It's the time of year when many of us like to rewatch "Rudolph the Red-Nosed Reindeer." Even if you've never seen it, you've probably heard of the Island of Misfit Toys – the destination for defective toys deemed unworthy for people's homes.
Now, this movie is the perfect trading and investing reminder to look for misfit stocks. Generally, these are the ones that aren't selling as well as they had in the past.
Maybe these companies' products or services have fallen out of favor, or maybe people in charge have made poor business decisions, or recent acquisitions haven't worked as anticipated. There are any number of reasons.
The best part is these stocks are easy to spot because they typically sit at or near their 52-week lows.
That means you're looking at the perfect opportunity to pinpoint the ones with the greatest turnaround – and profit – potential.
And it all boils down to this simple strategy…
Why the Best Time to Buy a Stock Might Be When It's at Its Worst
Do you believe that over the course of a year, a stock has turnaround potential to the tune of regaining 50% or more of its 52-week high price?
A few weeks ago, we talked about the dead cat bounce options strategy. In that update, I revealed Macy's Inc. (NYSE: M) and Sears Holdings Corp. (Nasdaq: SHLD) as two stocks with the potential for quick profits via long call options.
In the charts above and below for M and SHLD (respectively), we can see the stocks hit at or near what were 52-week lows. Each was able to turn around for a quick pop.
But this isn't just a "Dogs of the Dow" (DOTD) investment idea. I am looking at all stocks in the Dow, not just the top 30. And this isn't based upon company dividends, either.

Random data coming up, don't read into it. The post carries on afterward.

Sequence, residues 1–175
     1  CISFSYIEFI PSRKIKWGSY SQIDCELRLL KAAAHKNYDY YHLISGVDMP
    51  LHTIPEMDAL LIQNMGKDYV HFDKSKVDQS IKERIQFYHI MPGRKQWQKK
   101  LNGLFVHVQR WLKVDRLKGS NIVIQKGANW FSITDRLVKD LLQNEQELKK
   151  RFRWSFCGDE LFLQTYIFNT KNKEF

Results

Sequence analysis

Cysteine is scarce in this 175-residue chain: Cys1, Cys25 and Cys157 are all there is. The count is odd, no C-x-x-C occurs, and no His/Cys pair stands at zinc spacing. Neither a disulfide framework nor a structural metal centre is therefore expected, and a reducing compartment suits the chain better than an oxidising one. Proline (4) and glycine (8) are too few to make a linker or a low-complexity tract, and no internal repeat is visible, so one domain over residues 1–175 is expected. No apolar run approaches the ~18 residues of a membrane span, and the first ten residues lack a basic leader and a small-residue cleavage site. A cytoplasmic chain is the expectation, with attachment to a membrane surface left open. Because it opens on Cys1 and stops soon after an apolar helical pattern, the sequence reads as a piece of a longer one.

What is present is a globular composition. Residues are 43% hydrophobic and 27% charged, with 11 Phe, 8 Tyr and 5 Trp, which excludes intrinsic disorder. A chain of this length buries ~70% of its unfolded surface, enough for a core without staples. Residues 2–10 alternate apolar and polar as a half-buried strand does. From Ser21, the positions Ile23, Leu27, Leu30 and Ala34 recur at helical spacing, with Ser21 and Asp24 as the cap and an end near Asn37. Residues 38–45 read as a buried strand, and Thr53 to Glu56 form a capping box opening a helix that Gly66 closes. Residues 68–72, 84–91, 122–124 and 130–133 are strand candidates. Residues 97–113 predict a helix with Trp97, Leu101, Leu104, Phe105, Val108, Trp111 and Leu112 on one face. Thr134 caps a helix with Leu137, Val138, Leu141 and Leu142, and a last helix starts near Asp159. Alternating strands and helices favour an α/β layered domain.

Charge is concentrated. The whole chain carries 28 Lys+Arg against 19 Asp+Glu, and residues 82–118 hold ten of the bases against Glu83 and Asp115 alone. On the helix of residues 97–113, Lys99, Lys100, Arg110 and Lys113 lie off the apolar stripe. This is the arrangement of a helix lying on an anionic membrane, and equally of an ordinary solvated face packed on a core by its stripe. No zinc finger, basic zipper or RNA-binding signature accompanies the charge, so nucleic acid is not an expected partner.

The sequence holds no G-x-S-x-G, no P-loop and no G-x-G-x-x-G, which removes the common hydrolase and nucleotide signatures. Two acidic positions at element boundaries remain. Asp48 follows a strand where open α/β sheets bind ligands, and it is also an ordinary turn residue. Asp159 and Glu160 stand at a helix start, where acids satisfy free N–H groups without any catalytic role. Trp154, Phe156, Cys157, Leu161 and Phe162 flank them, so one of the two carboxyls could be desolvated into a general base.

However, what is similar between this turnaround strategy and DOTD investing is that I would consider a Long-Term Equity Anticipation Security (LEAPS) option on it.
Now, I'm not saying there won't be shorter-term trading opportunities throughout the year, but I'm not considering these as short-term trades at the start of the year. I see them with major long-term profit potential, so I'm not too inclined to concentrate on them for a quick pop right away.
If you do see a short-term technical pattern emerge on these stocks, I caution you to not worry about your LEAPS option on our turnaround strategy.
If you do, you might be tempted to close your LEAPS play when you close the shorter-term technical pattern. Although that might seem like the best idea, you actually risk leaving money on the table for that LEAPS option.
In most cases, the short-term pop isn't going to be the 52-week high for this turnaround stock. And the whole purpose of the LEAPS option was for a yearlong hold perspective.
Important Things to Look for in a Turnaround Stock
Here are important things to consider before deciding upon a LEAPS option target…
About the Author
Tom Gentile is one of the world's foremost authorities on stock, futures and options trading.
With more than 25 years' experience trading stocks, futures, and options, Tom's style of trading systems and strategies are designed to help individual investors propel themselves past 99 percent of the trading crowd.